What’s more, Zimmerman contends, allowing a mere arrest to trigger the process that results in permanent exclusion goes against everything our legal system is built on. In a criminal trial, the judge instructs the jurors that an arrest should be no indication that a crime has been committed. Yet, in the case of permanent exclusion, an accusation is enough to be “convicted” as it were—one strike and you’re out.
Then there’s the fact that most cases are resolved via stipulation, rather than a hearing. According to numbers supplied by NYCHA to advocates, of the 4,698 cases resulting in permanent exclusion between 2007 and 2014, 690 resulted in an impartial hearing, whereas 4,008 were solved via stipulation. The problem with these stipulations is that they bypass the legal requirements of an impartial hearing. In 2011, James Branden, chair the Criminal Justice Operations Committee of the Association of the Bar of the City of New York, wrote a letter arguing that the proceedings should be more transparent since, “unfortunately, virtually all tenants in these proceedings are not represented by counsel.”
A changing approach?
Parise says NYCHA has gotten better with time. “There’s more awareness about excluding young people,” she says.
A spokesperson for NYCHA confirms Parise’s experience. While minors may be permanently excluded, “NYCHA pursues that route only as a last resort, and only if the minor is charged as an adult or committed particularly egregious acts, usually involving gangs and violent crimes. NYCHA works with minors, their families, and the district attorney’s office to provide supportive programs or seek alternative remedies such as probation.” In the past year, no one under the age of 16 has been excluded by NYCHA.
Still, permanent exclusion remains shrouded in mystery, for those subject to it, their lawyers and advocates alike. It’s not even clear, for instance, how NYCHA learns about encounters with the NYPD that lead back to its properties. “For years we did not know how NYCHA found out about arrests,” Parise said. “It seemed completely random. We are just learning there actually is a process.”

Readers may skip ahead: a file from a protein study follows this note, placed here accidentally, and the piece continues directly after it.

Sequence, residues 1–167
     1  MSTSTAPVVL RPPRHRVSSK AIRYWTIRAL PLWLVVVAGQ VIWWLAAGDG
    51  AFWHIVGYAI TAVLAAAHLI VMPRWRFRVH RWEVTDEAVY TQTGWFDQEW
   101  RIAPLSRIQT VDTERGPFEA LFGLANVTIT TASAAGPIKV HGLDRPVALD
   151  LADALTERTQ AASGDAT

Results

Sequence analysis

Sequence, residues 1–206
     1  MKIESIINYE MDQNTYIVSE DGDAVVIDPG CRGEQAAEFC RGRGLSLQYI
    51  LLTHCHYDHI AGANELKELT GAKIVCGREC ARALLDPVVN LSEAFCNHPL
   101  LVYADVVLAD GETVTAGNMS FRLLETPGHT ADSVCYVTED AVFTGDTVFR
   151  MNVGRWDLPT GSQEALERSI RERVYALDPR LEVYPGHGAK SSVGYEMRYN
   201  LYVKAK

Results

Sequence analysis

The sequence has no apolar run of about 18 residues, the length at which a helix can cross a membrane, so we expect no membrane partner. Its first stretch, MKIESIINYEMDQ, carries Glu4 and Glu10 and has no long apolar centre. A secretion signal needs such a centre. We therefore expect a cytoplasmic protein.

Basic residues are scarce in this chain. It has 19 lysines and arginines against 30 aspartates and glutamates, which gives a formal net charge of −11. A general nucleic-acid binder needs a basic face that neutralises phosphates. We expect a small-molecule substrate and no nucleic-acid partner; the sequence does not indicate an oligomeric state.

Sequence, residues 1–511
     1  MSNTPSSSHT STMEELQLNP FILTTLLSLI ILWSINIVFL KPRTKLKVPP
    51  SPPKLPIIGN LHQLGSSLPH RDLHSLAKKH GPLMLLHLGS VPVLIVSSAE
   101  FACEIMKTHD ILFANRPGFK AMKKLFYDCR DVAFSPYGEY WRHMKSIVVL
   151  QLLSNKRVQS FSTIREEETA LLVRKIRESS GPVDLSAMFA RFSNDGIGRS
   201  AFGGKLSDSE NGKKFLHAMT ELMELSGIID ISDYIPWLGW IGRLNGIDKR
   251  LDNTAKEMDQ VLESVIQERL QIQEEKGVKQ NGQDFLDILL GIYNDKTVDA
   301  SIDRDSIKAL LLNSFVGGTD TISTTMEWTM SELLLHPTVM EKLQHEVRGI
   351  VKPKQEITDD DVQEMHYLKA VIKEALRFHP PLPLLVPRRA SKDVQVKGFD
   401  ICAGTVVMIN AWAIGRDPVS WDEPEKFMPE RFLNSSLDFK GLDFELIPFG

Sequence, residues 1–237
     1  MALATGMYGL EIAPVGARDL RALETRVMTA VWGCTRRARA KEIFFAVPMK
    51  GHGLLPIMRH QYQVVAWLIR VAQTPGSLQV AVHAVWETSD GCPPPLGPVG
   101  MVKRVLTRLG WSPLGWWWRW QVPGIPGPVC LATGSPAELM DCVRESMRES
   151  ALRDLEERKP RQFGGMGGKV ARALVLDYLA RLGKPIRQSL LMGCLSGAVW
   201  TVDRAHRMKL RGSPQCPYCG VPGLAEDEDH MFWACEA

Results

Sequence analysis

“It’s catch as catch can,” said Ann Jacobs, director of John Jay’s Prison Reentry Institute. “Some precincts will report to NYCHA on a regular basis, and the management company is informed. But it isn’t like it’s really systematic. You hesitate to point out how unfair that is because if they fixed it they would just permanently exclude more people.”
Police Officer David Collado is the community affairs officer at PSA 6 in Harlem, one of the NYPD’s Housing Bureaus dedicated to serving NYCHA. He explained that when a person is arrested and gives public housing as their address, it’s the NYPD who makes the initial decision on whether to inform NYCHA. “If it’s something where we deem it necessary and we want to take further actions to have them removed from NYCHA grounds, we’ll open a case for legal action,” Collado says. This involves putting together a report informing NYCHA of the crimes committed and the NYPD’s wish to open up a case.
“We basically put in a request, but everything falls down on NYCHA. NYCHA handles all the decision-making, and the follow up. We become a support system for them. Anything we can provide them from our end, we’ll do that, and we keep a very amicable relationship with them.” But NYCHA sometimes decides on their own to open proceedings, and asks the NYPD to supply a complaint number. “We don’t always, depending on the nature of the crime,” Collado says.